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Whether Fragmented Care Is Hazardous Depends on How Many Chronic Conditions a Patient Has

person waiting in ER

The Issue

Many people, particularly those with chronic conditions, receive health services from a variety of providers, with no single provider responsible for coordinating all that care. This “fragmentation” of ambulatory care can lead to communication gaps and poorer outcomes for the patient. Fragmented care is also associated with higher rates of emergency department visits and hospital admissions, as well as greater costs.

To identify which patients are most affected by care fragmentation, researchers looked at the relationship between ambulatory care fragmentation and subsequent emergency department (ED) visits and hospital admissions for patients with chronic conditions. The researchers considered how many chronic conditions each patient had, out of 26 common chronic conditions, such as hypertension, diabetes, and depression, among others. The Commonwealth Fund-supported study, published in the American Journal of Managed Care (September 2018), included Medicare beneficiaries who received care from physicians in the Hudson Valley region of New York from 2010 to 2012.

Patients with one to two chronic conditions and highly fragmented care were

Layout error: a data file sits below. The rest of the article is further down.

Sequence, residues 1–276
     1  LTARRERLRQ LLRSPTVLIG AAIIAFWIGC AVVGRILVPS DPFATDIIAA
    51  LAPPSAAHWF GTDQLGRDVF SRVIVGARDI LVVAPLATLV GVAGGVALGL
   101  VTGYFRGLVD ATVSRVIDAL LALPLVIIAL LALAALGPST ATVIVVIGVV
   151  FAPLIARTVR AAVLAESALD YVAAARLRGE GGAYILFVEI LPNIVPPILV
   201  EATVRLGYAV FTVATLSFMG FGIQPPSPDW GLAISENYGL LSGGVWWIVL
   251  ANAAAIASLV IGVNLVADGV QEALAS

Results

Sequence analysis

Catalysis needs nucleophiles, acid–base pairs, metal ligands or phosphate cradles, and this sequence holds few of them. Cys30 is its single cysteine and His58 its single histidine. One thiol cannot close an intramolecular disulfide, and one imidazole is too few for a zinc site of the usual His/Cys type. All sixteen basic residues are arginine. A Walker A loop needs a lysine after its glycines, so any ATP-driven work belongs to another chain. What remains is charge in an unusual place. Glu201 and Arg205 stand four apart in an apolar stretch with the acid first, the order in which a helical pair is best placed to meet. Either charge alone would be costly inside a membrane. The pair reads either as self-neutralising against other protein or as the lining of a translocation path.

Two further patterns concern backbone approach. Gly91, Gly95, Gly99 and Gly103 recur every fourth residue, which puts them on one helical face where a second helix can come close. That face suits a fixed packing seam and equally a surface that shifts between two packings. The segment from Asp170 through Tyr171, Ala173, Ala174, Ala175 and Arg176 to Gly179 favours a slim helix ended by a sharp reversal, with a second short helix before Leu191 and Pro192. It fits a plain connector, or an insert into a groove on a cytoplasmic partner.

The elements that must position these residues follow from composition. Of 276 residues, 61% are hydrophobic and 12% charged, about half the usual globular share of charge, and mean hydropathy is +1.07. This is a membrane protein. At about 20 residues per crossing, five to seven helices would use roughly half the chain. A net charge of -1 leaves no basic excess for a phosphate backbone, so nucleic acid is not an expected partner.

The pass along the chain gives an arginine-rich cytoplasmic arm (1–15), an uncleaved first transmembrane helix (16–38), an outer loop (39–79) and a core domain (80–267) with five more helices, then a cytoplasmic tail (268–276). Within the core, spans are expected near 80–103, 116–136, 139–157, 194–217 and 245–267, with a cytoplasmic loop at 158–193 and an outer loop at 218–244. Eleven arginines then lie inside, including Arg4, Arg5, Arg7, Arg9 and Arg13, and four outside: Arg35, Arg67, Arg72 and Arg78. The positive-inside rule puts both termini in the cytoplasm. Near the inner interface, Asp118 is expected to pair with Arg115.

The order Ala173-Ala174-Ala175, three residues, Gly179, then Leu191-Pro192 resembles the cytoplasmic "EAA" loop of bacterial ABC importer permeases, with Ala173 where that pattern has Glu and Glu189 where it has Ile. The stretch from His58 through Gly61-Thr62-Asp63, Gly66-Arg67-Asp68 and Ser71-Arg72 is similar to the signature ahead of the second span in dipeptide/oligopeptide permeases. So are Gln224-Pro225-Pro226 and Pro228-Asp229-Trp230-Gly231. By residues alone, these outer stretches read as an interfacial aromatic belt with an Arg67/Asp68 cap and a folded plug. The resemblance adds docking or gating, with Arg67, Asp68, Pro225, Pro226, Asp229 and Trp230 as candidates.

13%

more likely to visit the emergency department.

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What the Study Found

Among patients with one to four chronic conditions, those who had the most fragmented care were more likely to visit the ED and be admitted to the hospital than those who had the least fragmented care.

  • Patients with one to two chronic conditions and highly fragmented care were 13 percent more likely to visit the ED, and 14 percent more likely to have a hospital admission.
  • Patients with three to four chronic conditions and highly fragmented care were 14 percent more likely to visit the ED, and 6 percent more likely to have a hospital admission.
  • Among patients with five or more chronic conditions, having the most fragmented care increased the likelihood of an ED visit but decreased the likelihood of a hospital admission.
  • Among patients with no chronic conditions, having the most fragmented care was not associated with either outcome.

The Big Picture

Medicare patients with a moderate number of chronic conditions and a high degree of fragmented ambulatory care are significantly more likely to visit the ED and be admitted to the hospital than those with lower rates of care fragmentation. Many previous interventions to improve health care have focused on the sickest patients. This study’s results indicate that future interventions for patients who may be less sick but who have highly fragmented care could have a large impact overall health care costs and inefficiency.

The Bottom Line

Fragmented care increases the risk of excess ED visits and hospital admissions for Medicare beneficiaries with a moderate number of chronic conditions.

Publication Details

Publication Date: October 9, 2018
Contact: Lisa M. Kern, Associate Professor of Public Health and Medicine, Weill Cornell Medical College
Summary Writer: Joel T. Dodge
Citation:

Lisa M. Kern et al., “Fragmented Ambulatory Care and Subsequent Healthcare Utilization Among Medicare Beneficiaries,” American Journal of Managed Care 24, no. 9 (Sept. 1, 2018): 294–300.

Experts

Associate Professor of Public Health and Medicine, Weill Cornell Medical College